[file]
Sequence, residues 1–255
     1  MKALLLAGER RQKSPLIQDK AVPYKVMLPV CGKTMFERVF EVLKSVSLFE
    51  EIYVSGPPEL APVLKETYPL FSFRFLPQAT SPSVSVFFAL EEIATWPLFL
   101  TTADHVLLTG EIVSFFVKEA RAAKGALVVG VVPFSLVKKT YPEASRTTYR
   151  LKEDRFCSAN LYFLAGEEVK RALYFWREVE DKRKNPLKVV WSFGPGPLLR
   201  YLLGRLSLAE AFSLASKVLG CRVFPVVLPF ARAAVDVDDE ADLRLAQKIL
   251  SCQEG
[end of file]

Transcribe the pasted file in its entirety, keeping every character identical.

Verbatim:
Sequence, residues 1–255
     1  MKALLLAGER RQKSPLIQDK AVPYKVMLPV CGKTMFERVF EVLKSVSLFE
    51  EIYVSGPPEL APVLKETYPL FSFRFLPQAT SPSVSVFFAL EEIATWPLFL
   101  TTADHVLLTG EIVSFFVKEA RAAKGALVVG VVPFSLVKKT YPEASRTTYR
   151  LKEDRFCSAN LYFLAGEEVK RALYFWREVE DKRKNPLKVV WSFGPGPLLR
   201  YLLGRLSLAE AFSLASKVLG CRVFPVVLPF ARAAVDVDDE ADLRLAQKIL
   251  SCQEG